Can these words be used interchangeably when referring to a point in the world?

  • What did your dictionary say?
    – GEdgar
    May 10 '12 at 2:46
  • It didn't say anything about if I can use the words interchangeably.
    – user103231
    May 10 '12 at 2:54
  • Example: 1.) Hold your position. 2.) Hold your place. Are both correct?
    – user103231
    May 10 '12 at 3:01
  • In dictionary it says, position can be place and place can be a position but I don't think I can use any of them two words with any sentence.
    – user103231
    May 10 '12 at 3:03
  • 4
    Why the down votes and the close vote? This is a perfectly valid Q. And no small challenge at that. Let's try to come up with a convincing answer.
    – Kris
    May 10 '12 at 5:22

A good way to think of it is that a position is more defined than a place: given the chess board example, the position a piece can be in is defined by the 64 squares on the board. While you could say the knight piece is in the place of A-4, it'd be more definitive to say it is in the position of A-4, to imply that there is structure to where it can be.

On the other hand, a place is more ambiguous and requires no structure.


They are related, but not interchangeable.

Link to definition of place

Link to definition of position

  • Place is an area and a position is a single point. Is my understand correct? If a position can also be an area then why cannot we use them interchangeably?
    – user103231
    May 10 '12 at 5:15
  • 2
    @user, "place" is "a particular region, center of population, or location". New York City is a place, not a position. A restaurant, a movie theatre, someone's home are places, not positions. A "position" is a location, a coordinate on a map.
    – Old Pro
    May 10 '12 at 9:11
  • Old Pro is correct. "Position" cannot refer to an area, only to a single point or something conceptually that is as close to a single point as makes practical sense in the conversation.
    – leoger
    Jun 15 '12 at 6:26

Position often refers to a specific location for which there are geographic or other coordinates. For example, the use "GPS Position" refers to a specific location on the earth, identified by by a latitude, longitude, and altitude (and various error estimates, called the dilution of precision coefficients). GPS stands for Global Positioning System, and in this sense "positioning" means the finding of positions for users of the system. One would be hard pressed to substitute the word "place" in either context. The neologism "geolocation" is often used by technologists and navigation specialists, but often position or "position fix" is used by the broader community.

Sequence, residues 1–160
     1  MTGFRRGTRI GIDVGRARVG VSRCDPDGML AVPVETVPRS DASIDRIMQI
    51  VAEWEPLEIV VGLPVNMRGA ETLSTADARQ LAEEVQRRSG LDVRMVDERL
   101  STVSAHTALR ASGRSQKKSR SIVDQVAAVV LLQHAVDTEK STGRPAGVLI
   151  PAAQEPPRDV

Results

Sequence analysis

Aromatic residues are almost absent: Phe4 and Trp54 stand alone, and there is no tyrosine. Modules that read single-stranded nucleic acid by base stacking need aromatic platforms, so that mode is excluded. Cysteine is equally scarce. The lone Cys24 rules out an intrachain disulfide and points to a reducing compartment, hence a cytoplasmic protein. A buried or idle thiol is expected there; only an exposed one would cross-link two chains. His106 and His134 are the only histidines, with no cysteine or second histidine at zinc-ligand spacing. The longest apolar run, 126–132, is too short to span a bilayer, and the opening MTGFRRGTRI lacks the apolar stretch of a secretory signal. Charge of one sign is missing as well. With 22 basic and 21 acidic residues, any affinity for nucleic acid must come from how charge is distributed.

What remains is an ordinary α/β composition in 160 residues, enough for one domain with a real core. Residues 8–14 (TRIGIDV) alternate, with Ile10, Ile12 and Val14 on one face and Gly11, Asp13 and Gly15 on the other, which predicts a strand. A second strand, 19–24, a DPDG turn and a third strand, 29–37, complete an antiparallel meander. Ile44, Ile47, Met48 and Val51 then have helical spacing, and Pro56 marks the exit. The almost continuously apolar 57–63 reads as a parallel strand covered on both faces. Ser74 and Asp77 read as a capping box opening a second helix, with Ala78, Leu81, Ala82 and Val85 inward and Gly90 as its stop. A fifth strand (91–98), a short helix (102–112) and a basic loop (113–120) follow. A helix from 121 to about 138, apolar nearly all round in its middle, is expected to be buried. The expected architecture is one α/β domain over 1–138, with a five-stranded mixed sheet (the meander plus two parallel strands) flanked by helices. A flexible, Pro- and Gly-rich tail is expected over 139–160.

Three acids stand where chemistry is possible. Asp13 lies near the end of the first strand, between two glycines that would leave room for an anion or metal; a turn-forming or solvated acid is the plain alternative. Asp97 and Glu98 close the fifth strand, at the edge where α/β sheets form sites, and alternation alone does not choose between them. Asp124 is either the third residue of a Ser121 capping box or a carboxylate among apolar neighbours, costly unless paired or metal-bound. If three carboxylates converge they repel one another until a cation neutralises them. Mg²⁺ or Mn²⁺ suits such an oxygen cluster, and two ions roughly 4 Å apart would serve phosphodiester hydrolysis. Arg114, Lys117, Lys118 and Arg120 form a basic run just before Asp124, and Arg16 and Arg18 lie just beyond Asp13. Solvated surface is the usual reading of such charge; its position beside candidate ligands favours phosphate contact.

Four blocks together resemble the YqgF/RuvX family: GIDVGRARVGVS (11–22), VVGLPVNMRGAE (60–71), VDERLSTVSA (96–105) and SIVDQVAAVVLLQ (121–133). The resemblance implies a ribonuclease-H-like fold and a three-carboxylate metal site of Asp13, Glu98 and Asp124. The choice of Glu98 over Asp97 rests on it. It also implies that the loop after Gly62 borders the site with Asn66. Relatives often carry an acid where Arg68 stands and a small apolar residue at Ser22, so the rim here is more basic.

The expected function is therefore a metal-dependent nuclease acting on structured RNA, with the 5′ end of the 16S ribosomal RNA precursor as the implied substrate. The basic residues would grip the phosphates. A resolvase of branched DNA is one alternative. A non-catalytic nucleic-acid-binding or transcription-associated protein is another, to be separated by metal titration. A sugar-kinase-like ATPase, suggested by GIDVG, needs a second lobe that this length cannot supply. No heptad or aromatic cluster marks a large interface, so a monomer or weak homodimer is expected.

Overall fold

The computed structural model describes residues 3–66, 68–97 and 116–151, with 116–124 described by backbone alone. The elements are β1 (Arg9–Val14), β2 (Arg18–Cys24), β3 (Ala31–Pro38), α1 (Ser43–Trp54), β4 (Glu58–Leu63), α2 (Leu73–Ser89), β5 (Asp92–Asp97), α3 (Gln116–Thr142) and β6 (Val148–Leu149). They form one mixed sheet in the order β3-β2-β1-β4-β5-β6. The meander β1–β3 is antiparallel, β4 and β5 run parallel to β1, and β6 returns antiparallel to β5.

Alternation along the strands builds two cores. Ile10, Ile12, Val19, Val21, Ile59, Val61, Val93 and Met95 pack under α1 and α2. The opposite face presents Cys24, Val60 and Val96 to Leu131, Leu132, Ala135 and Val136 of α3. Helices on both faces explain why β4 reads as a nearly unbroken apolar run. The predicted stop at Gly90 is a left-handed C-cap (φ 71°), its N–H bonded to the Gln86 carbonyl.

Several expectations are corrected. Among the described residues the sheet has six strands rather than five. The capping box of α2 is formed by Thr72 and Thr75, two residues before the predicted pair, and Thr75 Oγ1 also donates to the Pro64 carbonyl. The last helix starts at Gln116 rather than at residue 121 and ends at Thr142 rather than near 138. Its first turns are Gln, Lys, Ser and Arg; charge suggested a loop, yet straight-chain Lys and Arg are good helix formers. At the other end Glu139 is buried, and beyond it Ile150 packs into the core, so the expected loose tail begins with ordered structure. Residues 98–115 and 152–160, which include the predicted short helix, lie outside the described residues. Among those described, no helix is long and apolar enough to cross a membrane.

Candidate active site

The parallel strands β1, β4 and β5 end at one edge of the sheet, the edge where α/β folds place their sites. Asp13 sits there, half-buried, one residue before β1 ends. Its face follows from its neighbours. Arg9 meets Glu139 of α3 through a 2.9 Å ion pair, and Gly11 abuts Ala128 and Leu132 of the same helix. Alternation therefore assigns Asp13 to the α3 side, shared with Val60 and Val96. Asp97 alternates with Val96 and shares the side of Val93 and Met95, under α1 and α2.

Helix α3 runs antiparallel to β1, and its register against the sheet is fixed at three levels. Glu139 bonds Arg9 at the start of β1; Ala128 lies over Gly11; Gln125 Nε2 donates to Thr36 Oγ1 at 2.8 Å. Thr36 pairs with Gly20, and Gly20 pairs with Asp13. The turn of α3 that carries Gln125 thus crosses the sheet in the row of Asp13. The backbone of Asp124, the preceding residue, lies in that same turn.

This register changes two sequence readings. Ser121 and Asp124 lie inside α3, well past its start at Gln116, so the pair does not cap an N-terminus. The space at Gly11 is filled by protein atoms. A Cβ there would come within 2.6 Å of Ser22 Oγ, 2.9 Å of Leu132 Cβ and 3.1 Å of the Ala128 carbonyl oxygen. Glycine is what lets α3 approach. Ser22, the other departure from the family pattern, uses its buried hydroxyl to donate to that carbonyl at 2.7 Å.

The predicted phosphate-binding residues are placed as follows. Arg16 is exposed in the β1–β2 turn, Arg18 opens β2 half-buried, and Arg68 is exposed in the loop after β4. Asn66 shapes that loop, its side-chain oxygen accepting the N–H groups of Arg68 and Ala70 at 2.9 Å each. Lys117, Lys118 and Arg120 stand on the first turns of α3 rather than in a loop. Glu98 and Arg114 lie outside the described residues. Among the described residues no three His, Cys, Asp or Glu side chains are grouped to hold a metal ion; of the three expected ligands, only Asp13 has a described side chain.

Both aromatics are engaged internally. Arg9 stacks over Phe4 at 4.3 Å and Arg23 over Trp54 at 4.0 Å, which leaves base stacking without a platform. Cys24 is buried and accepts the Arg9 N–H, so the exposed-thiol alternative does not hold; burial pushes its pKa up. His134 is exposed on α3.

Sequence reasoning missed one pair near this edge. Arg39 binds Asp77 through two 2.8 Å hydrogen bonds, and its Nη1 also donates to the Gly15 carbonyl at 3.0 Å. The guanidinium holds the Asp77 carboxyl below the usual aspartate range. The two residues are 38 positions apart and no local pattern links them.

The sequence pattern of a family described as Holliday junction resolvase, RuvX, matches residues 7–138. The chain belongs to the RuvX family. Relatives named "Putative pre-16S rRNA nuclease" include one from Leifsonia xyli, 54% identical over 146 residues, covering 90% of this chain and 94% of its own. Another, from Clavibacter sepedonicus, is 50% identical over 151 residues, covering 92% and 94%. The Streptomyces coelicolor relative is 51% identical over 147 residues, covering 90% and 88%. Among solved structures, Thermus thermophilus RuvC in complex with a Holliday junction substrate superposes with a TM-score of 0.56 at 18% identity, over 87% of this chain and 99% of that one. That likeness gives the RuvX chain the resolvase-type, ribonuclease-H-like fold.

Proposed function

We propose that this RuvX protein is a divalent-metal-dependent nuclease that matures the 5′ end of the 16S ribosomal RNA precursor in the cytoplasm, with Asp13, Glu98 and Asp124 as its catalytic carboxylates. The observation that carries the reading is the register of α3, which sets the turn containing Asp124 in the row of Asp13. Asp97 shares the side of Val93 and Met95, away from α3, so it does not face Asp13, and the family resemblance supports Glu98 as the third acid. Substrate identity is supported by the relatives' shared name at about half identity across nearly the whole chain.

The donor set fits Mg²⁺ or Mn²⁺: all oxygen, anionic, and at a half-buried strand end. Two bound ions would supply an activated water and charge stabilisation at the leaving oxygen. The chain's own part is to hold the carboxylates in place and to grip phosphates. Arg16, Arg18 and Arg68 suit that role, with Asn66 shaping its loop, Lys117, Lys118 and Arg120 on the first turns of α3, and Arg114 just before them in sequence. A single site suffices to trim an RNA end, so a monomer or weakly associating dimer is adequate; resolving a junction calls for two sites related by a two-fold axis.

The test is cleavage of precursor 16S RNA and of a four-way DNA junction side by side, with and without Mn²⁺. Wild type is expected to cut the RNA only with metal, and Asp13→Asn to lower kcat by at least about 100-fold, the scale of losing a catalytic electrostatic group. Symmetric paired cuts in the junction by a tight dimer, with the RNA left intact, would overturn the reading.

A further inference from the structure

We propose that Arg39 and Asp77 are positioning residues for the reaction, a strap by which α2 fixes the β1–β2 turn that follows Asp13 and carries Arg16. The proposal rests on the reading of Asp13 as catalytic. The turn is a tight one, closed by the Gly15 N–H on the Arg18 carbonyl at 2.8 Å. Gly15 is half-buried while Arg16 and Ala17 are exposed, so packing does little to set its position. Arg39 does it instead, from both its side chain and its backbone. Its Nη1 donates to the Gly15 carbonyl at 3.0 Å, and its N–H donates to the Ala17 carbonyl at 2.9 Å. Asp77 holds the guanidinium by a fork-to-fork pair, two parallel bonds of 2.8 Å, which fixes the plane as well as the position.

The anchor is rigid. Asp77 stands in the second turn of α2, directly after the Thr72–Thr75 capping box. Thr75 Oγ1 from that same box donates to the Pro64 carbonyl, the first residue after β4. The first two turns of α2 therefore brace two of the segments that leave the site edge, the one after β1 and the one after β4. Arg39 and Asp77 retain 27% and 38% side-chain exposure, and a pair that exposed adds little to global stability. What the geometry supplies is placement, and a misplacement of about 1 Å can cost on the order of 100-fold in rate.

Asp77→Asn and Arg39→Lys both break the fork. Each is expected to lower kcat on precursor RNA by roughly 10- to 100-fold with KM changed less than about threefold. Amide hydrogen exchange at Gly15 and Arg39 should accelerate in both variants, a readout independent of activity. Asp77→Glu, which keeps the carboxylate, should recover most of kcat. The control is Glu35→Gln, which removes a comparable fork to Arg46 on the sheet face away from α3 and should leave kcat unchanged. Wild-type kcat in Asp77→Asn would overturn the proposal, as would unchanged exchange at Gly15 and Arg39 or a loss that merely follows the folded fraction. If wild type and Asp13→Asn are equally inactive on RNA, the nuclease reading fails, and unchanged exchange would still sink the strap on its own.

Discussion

"place" and "position" could be used interchangebly in some specific case, one that i can think of right now is related to the pieces in a chess game, you could say that the white queen is in A-3 like this - "White queen's place is A-3", or "White queen's position is A-3"

The difference though is that "position" in many cases involves a meaning of "orientation", like... "i'm in the middle of the room, facing the window", so "place" would be "the middle of the room" and "position" would be "facing the window". Position could also mean the state of your body like "laying on the floor", "sitting", "upright", etc.

"Position"could also have a hierarchic meaning, like "subordinate" or "boss", can be considered positions.

"Place" may indicate a similar situation, as in "I'm in no place of giving orders" (considering that I'm a subordinate in some case).

So, "place" and "position" have similarities, but also specific values.


It seems to me that "Place" and "Position" can be used interchangeably as a verb:

  • "The fencing was placed so, that you could not pass"
  • "The fencing was positioned so that you could not pass"

Both meaning "... was placed in such a way that ...."

  • But not always, as with the nouns: 'I know him, but I can't quite place him.' Yes, a metaphorical usage, which is not what OP asked for. But they didn't ask for usages of the verbs either. Aug 31 '15 at 12:24

Your Answer

By clicking “Post Your Answer”, you agree to our terms of service, privacy policy and cookie policy

Not the answer you're looking for? Browse other questions tagged or ask your own question.